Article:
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Using Flow Psychology for Stress Relief

Flow Psychology: An Enjoyable Route to Greater Fulfillment and Less Stress

By

Updated February 23, 2011

Using Flow Psychology for Stress Relief

Flow psychology can help you feel relaxed, fulfilled, and free.

Photo from iStockPhoto.com
"Flow" is a form of activity that can bring stress relief as well as life satisfaction. Mihaly Scikszentmihalyi, who was an important contributor to the field of positive psychology, coined the term and outlined the benefits of the state of being known as flow. As Scikszentmihalyi demonstrated in his study of flow psychology, experiences that involve flow can also lead to gratification and life satisfaction, as well as stress relief. When an individual uses flow psychology to experience flow, they have clear goals, they lose self-consciousness, and they become less aware of their sense. Time vanishes — they become completely absorbed in the activity in which they are involved, which generally includes demonstrating a skill. (There are nine specific ingredients in flow, but these are the main three components.) Groups can also experience flow together, creating greater harmony, productivity and job satisfaction in the process.

There are countless routes to experiencing flow (you can share your own favorite flow activities here), but the following are some common and effective flow-promoting activities to try for stress relief.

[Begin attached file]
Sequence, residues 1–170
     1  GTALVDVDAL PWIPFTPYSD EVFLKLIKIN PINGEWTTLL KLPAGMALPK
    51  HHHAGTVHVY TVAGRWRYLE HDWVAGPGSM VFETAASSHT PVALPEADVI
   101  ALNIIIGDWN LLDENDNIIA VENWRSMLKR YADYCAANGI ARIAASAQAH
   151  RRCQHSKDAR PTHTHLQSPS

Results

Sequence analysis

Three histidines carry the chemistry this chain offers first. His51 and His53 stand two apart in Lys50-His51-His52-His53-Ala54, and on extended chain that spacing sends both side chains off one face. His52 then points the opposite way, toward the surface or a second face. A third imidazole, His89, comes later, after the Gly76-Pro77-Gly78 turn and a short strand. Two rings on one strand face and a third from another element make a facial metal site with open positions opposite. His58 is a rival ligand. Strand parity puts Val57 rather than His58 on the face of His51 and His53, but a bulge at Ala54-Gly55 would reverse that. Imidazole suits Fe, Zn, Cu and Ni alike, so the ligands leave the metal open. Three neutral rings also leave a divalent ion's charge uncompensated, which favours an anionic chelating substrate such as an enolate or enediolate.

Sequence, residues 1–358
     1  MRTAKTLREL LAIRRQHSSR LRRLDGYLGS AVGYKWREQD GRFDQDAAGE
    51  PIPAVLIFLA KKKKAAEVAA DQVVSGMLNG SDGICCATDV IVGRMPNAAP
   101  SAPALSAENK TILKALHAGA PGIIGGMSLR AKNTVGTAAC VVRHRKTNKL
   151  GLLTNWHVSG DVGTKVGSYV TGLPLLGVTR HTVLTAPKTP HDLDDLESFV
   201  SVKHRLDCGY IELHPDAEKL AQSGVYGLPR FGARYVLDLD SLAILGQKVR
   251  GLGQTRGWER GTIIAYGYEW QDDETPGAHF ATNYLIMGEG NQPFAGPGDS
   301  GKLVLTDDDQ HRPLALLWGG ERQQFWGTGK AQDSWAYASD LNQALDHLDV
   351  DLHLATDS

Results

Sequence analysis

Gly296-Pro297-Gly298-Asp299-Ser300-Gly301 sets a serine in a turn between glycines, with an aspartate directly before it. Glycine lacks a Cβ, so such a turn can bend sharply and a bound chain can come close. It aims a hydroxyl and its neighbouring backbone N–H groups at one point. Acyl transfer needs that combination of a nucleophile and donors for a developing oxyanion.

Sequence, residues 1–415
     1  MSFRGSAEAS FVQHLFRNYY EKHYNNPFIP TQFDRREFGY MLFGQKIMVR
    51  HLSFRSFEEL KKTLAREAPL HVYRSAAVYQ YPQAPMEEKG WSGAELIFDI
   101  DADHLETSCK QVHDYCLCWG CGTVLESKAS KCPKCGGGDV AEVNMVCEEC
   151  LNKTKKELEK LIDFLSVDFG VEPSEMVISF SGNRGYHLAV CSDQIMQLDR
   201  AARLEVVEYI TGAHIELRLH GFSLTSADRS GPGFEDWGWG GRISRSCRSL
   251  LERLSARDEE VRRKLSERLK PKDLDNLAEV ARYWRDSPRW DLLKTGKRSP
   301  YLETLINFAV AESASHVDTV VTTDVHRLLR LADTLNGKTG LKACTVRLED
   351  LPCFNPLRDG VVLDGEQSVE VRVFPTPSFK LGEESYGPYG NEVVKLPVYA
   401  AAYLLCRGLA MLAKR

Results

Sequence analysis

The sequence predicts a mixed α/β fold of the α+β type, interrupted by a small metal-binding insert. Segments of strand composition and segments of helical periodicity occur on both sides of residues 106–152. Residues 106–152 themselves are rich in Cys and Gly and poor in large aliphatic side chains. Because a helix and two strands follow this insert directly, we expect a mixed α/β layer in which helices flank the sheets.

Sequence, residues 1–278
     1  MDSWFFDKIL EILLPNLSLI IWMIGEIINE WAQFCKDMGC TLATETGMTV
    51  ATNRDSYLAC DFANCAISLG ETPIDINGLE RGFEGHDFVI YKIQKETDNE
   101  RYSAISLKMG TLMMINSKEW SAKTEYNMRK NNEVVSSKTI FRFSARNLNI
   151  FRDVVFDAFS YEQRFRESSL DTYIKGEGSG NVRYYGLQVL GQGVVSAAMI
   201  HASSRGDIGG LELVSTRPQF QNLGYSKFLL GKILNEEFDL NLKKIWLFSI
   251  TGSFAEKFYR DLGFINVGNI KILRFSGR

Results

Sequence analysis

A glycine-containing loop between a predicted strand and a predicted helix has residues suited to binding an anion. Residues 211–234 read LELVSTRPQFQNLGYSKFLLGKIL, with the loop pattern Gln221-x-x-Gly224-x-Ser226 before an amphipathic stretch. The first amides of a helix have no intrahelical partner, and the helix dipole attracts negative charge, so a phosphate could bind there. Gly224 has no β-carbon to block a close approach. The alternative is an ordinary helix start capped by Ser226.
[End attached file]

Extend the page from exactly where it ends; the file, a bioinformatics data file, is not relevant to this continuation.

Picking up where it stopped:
Individual Flow

  • Reading
    A truly good book can open up new realities, experiences, and ways of thinking. It can make you feel like you've gotten away from the stresses of your life, returning in a better state of mind.

  • Writing
    Whether you're journaling, blogging, writing a novel or a heartfelt email, writing can be a flow-provoking experience. It can provide catharsis, self-reflection, and an outlet for personal expression that can bring a sense of peace or accomplishment.

  • Exercise
    Working out can get you into a better mood as well as better shape. Add music, and you can feel like you're in a different world.

  • Hobbies
    The pursuit of hobbies is more than a luxury--for many people, it's a vital ingredient for a balanced life. Hobbies can be a wonderful creative outlet, a route to connecting with others, and can sometimes even lead to a new career. Perhaps best of all, hobbies create a sense of flow, and are an enjoyable part of flow psychology.

  • Cleaning House
    Though many people don't relish cleaning, it's an activity that can feel consuming and can provide some flow psychology when you're engaged in it. Just think of how you can become absorbed in transforming a room from "mess" to "yes!", or how putting on music can energize you and make the process almost fun. And when you're done, you have a relaxing environment for more flow activities.

  • Playing Music
    Playing music on the radio or your mp3 player can be a relaxing and immersive experience if you let it be. Playing music on the piano, drums, or another instrument can be even more consuming, and can definitely bring a healthy dose of flow into your life. The trick is to find the right instrument, play the right music, and practice, practice, practice. Whether you're playing for others of for yourself, playing music is a wonderful way to bring flow psychology into your life.

  • Gardening